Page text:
First came the stagecoach stop in 1876. Eric Murtrie explores Brunswick Avenue at Bloor, and environs. [spacingtoronto]

They tested Model Ts on the roof. Matt Bubbers uncovers the storied history of the Faema Building (and former Ford automobile plant) at the corner of Dupont and Christie.  [ Autos]

“You get to the point when you see so much pain in people’s lives, you have to do something.” Eileen Donnelly profiles Harbord Collegiate Institute teacher Michael Ericson’s work to establish a shelter for Toronto’s homeless LBGTQ youth.  [The Toronto Observer]

“One of Toronto’s oldest cinemas has been nestled in the Annex for almost a century.” Tracey Chen recounts the history of the Bloor Cinema, AKA the Madison Picture Palace.  [Heritage Toronto]

The Madison Picture Palace, now the Bloor Cinema | Courtesy of City of Toronto Archives


Every Friday, the Weekly Wrap collects articles from around the web about or of interest to residents of the West Annex.

Arrivals & Departures: David’s Tea and Sweet Pete’s Bicycle Shop

In Arrivals & Departures on December 14, 2010 at 11:05 PM

The last week saw two new arrivals on the Bloor-Annex commercial strip, David’s Tea, and Sweet Pete’s Bicycle Shop – the B-Side.

DavidsTea | 424 Bloor Street West

David’s Tea opened December 11th at 424 Bloor Street West, just east of Howland Avenue, in the premises formerly occupied by Alex Cuts (now re-located to the second floor of  386 Bloor Street West). This Canadian chain began as a single store in Montreal in 2008 and has since exploded into 41 locations, the Annex location being the fifth to open in Toronto in under two years.

The upscale store sports a slick, modern interior with halogen lighting throughout.  There is minimal seating — one table at the front and two at the back of the shop — but there is a long bar to stand and try samples of some of the over 120 different loose teas proffered by eager staff.   The tea selection ranges from black, green, and white teas to exotic pu’erh cakes.

The tea bar

Thirty-three of the teas are caffeine-free herbal or rooibos blends.

A tea shop seems a natural addition to java junction, the aggregation of coffee shops clustered around the intersection of Bloor Street West and Albany Avenue. But All Things Tea, an independent tea shop with a similar offering of teas and tea paraphernalia recently pulled the plug on their 476 Bloor Street West shop.  They too offered minimal seating and as a result never attracted the same crowds that flock to the local coffee shops to meet, talk, and surf.   Like All Things Tea, DavidsTea lacks a patio, much-desired in local coffee shop culture.

It will be interesting to see if this successful chain’s business model translates to the Annex.


Sweet Pete’s Bicycle Shop — the B-Side

Sweet Pete's Bicycle Shop | 517 Bloor Street West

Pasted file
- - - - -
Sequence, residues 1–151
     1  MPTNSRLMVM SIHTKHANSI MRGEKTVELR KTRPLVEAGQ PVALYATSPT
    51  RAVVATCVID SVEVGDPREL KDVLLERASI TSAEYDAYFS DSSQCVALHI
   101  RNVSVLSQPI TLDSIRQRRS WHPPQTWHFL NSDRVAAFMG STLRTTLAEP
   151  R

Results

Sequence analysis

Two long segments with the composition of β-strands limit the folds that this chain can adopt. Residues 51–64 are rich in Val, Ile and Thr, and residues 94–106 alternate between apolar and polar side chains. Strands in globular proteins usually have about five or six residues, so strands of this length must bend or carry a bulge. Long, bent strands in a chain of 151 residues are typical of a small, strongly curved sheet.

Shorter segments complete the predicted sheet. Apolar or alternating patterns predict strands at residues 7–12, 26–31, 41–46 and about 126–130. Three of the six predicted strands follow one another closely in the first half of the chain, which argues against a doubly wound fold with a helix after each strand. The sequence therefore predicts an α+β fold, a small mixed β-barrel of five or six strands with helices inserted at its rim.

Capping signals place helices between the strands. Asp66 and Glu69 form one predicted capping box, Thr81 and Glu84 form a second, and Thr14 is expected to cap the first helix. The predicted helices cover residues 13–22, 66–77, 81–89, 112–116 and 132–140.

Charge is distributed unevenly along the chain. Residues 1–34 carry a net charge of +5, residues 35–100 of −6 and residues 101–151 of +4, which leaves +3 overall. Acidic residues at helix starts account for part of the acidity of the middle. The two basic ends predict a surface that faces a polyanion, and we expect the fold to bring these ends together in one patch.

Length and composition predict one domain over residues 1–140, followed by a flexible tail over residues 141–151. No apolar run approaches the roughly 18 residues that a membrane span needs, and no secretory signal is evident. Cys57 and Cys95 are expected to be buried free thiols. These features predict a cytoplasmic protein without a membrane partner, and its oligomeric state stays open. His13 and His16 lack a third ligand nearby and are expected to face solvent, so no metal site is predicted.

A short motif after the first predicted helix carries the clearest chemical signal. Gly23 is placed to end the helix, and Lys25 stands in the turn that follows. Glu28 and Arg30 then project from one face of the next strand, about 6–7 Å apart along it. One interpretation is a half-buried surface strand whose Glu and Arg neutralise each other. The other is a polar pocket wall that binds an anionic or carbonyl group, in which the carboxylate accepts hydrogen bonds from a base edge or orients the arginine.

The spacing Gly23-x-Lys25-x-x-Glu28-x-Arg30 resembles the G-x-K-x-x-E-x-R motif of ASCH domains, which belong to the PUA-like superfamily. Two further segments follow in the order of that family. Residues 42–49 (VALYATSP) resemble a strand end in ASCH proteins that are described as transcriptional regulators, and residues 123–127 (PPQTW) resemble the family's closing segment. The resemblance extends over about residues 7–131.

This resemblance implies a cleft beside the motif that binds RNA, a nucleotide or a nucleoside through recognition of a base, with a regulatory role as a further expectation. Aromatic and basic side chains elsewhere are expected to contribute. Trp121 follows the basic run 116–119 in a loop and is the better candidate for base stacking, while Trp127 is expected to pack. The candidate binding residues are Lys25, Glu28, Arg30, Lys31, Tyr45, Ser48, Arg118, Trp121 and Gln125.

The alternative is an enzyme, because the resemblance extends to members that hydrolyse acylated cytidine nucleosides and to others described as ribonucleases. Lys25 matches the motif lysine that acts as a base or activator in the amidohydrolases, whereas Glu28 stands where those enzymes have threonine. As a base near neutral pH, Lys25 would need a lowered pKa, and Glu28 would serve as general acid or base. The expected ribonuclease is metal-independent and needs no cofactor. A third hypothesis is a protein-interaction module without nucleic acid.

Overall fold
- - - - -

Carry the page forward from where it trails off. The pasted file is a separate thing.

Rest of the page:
Sweet Pete’s opened on December 8, 2010 at 517 Bloor Street West, in the former premises of The Tap Bar and Grill. In this second Sweet Pete’s location, the shop is making a strong bid to go head-to-head with nearby Curbside Cycle for the city bike/urban commuter bicycle market.  But where Curbside features mostly European bikes from Batavus, Pashley, Biomega and others, Sweet Pete’s focuses on bikes from North American companies like Kona, Trek, and Opus who have of late jumped on the Euro-style commuter bicycle bandwagon.

The interior

The shop interior is sleek and welcoming, with exposed steel beams, bare brick walls, “eco-friendly wood flooring” (according to Sweet Pete’s website) and subtle lighting.  Classic jazz plays on the sound system.

Most welcome is the large workshop in the back, where Sweet Pete’s will offer bike tune-ups and repairs.  Since Curbside stopped providing repairs to all but the bikes they sell, ex-Curbside mechanic Rob Bateman’s Bicycle Co. has been the go-to place for tune-ups and repairs in the neighbourhood.  But in the busy summer months, Bateman is sometimes a victim of his own excellent reputation, and his 29A Barton Avenue shop can get overwhelmed with work.

Mechanics' work area

Sweet Pete’s has thoughtfully left The Tap’s signature sign, a neon beer stein with animated keg tap, intact above their own sign, in a nice tip of the hat to the memory of the long-time Annex institution.


In Arrivals & Departures we document the changes in the commercial/retails strips of the West Annex on Bloor, Bathurst, and Dupont Streets, and think about these changes in the context of Jane Jacobs’ observation that popularity on retail strips can lead to commercial monocultures, and Max Fawcett’s thesis that the Annex is un-gentrifying.

Here’s Don Cherry’s new bike

In Reviews on December 11, 2010 at 7:28 PM

Gillian Goerz, sales manager at Curbside Cycle shows off the pink Pashley bicycle intended for Don Cherry